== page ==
Patterns of wealth and poverty on maps are often the key to interpreting patterns on other maps. Murder sites of male homicide victims in Toronto, for example, follow the classic checkmark shape of the city’s low-income neighbourhoods. Using Google’s Fusion Tables mapping tool, we are able to map income across the country in 1,576 postal areas. Scroll down for interactive maps.
READ MORE: Explore our detailed census tract-based income maps. Which neigbourhoods are getting richer, and which poorer?
Vancouver and Victoria
In the Lower Mainland, some of the richer areas include West Point Grey and other neighbourhoods bordering the University Endowment Lands, as well as large parts of North and West Vancouver. Poorer areas are along East Hastings, in the Strathcona and Downtown Eastside neighbourhoods, as well as part of Burnaby. The FSA which includes the Downtown Eastside has a median family income of just $36,779 – nearly $30,000 less than the Canadian median. – Leslie Young, globalnews.ca
FSA income map: Vancouver
Outside major cities (especially Halifax) the Maritimes are consistently low-income, a pattern we also see in Newfoundland proper (below).
FSA income map: Maritimes
This map shows the wealth of the Golden Horseshoe, generally, with low-income pockets in inner-city Hamilton, parts of Toronto’s west end and Scarborough, and downtown Kitchener.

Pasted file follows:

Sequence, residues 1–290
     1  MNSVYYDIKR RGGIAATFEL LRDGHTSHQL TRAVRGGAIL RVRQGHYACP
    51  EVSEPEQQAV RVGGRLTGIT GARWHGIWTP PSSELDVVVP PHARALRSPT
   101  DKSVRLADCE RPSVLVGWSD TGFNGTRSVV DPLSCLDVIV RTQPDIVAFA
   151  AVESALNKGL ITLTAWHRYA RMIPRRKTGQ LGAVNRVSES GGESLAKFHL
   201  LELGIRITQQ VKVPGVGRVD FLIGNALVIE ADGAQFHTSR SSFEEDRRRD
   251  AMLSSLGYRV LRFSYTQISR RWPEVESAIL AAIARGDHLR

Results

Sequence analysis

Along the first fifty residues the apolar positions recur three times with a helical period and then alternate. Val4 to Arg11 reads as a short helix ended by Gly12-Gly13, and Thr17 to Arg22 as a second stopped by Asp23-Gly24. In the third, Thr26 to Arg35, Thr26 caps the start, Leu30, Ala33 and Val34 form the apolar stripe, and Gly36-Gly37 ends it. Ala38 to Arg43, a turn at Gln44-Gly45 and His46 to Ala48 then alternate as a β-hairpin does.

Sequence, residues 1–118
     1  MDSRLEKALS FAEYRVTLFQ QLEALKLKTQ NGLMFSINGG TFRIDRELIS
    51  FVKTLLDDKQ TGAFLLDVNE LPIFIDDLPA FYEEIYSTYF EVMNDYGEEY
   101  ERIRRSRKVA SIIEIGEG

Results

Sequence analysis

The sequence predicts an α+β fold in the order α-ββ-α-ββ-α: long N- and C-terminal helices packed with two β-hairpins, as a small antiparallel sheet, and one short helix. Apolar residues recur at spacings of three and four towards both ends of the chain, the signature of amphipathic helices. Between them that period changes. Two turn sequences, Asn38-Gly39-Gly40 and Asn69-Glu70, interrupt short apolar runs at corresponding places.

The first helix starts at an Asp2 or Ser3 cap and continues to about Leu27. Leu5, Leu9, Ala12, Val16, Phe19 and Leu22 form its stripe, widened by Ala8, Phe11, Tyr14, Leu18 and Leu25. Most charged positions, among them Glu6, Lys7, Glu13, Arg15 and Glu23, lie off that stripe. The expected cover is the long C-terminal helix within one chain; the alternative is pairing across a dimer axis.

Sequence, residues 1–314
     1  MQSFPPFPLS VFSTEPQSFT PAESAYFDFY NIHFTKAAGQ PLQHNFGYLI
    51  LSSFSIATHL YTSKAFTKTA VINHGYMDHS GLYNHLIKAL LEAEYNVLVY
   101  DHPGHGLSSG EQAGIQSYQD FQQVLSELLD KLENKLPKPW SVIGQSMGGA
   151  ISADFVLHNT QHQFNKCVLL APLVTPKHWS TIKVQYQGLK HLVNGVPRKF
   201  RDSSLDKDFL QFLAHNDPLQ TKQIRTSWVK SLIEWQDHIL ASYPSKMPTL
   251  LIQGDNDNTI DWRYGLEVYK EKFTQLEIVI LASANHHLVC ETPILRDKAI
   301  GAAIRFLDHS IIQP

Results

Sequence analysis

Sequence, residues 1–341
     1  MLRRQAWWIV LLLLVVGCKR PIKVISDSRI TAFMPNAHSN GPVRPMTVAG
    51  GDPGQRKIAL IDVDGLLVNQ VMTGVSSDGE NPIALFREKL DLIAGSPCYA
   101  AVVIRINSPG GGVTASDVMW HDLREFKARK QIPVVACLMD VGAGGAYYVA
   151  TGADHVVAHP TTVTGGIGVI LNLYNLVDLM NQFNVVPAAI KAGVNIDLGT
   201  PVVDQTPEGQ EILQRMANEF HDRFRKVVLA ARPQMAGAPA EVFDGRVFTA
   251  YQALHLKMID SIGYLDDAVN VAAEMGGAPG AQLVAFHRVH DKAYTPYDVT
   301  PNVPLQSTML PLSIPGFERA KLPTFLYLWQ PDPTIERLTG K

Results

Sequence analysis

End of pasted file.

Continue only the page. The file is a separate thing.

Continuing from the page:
FSA income map: South-central Ontario
The data shows the stark differences in wealth between Alberta, on the one hand, and Manitoba and Saskatchewan on the other.
FSA income map: Prairies
FSA income map: Montreal »
FSA income map: Montreal
Newfoundland and Labrador
Newfoundland postal codes outside St. John’s are uniformly poor, but Labrador’s resource-based economy shows up as a bright spot on the map.
FSA income map: Newfoundland and Labrador
Winnipeg’s southwest, including newer developments such as Whyte Ridge and established neighbourhoods in Tuxedo and River Heights, show consistently high incomes, while the core area is inhabited predominantly by poorer residents of the city. – Lara Schroeder, Global Winnipeg